Pastor C. graphically described the flogging, the nailing of limbs to the cross, and the slow death by asphyxiation so we might better grasp the appalling circumstances of Jesus’ death and appreciate, at least in part, the supreme sacrifice he endured for us. Tears kept burning my eyes as I contemplated Jesus’ physical pain and emotional suffering—for me.

 

jesus-crucifixion

 

Next Sunday, the sermon text will come from chapter sixteen of the same gospel—the description of astounding events surrounding Jesus’ resurrection from the dead, his escape from a sealed tomb, and his sudden appearance to a group of men in a locked room.  (Further details are described in the other gospels.) The wonder and splendor are in sharp contrast to the preceding horror.

 

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Now according to the traditional church calendar, such sermons in November are terribly out of sync. Usually we save the sobering remembrances of Christ’s crucifixion for Lent. And it’s Easter morning we celebrate “He is risen! He is risen indeed!” with euphoric joy.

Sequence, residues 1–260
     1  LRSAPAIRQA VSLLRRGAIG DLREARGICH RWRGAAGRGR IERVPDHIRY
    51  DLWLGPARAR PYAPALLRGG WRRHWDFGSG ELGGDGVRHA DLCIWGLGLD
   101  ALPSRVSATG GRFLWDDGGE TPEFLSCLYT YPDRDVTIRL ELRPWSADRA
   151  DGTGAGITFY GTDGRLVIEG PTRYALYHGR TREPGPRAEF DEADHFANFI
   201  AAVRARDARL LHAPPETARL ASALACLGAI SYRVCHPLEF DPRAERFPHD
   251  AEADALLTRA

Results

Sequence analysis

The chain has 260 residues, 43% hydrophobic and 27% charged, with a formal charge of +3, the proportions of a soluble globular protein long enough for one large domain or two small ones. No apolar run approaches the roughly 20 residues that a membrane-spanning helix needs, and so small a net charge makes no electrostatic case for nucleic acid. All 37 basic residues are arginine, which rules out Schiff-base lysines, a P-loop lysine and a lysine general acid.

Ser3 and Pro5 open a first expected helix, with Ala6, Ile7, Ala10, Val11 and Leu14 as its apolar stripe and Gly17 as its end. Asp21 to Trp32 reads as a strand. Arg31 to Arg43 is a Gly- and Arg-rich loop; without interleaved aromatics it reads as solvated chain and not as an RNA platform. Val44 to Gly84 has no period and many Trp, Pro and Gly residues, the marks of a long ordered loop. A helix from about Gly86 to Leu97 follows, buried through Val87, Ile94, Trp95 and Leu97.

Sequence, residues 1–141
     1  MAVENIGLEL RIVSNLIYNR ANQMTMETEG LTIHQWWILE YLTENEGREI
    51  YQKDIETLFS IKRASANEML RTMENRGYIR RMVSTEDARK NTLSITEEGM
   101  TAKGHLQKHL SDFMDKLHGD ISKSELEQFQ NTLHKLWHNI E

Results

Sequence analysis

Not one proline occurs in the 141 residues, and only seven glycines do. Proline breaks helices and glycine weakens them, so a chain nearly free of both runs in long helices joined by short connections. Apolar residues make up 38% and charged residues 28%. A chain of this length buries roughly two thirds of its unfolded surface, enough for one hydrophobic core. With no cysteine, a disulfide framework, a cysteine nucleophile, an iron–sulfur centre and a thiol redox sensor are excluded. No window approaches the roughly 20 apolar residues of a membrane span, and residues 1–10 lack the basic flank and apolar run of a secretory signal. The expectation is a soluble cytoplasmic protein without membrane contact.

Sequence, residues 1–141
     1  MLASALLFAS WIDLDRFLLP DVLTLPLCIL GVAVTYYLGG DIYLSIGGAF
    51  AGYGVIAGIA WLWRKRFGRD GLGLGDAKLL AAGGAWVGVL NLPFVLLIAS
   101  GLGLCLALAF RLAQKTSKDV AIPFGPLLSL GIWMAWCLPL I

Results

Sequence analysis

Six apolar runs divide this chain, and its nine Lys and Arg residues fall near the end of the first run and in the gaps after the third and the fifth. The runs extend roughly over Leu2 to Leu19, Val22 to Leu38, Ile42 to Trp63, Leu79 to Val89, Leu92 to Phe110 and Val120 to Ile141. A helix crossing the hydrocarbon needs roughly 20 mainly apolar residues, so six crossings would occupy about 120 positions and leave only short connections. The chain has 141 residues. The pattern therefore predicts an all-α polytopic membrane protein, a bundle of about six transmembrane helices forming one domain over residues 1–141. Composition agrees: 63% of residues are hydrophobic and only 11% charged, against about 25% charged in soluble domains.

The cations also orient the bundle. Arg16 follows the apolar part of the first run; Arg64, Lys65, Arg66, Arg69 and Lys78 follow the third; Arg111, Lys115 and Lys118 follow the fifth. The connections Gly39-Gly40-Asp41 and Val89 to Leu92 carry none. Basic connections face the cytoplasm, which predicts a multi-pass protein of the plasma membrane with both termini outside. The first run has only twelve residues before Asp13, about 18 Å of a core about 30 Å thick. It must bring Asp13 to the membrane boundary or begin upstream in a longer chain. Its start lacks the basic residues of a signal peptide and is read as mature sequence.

But my husband, Steve, noted after church, “It might seem strange to some people that we’d focus on Jesus’ death and resurrection at this time of year, but actually, I see it as the perfect time. Next week is Thanksgiving Sunday.   And of all the things we have to be thankful for, nothing is more precious than Christ’s sacrifice in our place and his gift of eternal life.”

 

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So true, I thought and nodded in agreement. How dreadful my life would be if Jesus had not taken my sin upon himself and provided the God-enhanced life I’ve enjoyed all these years.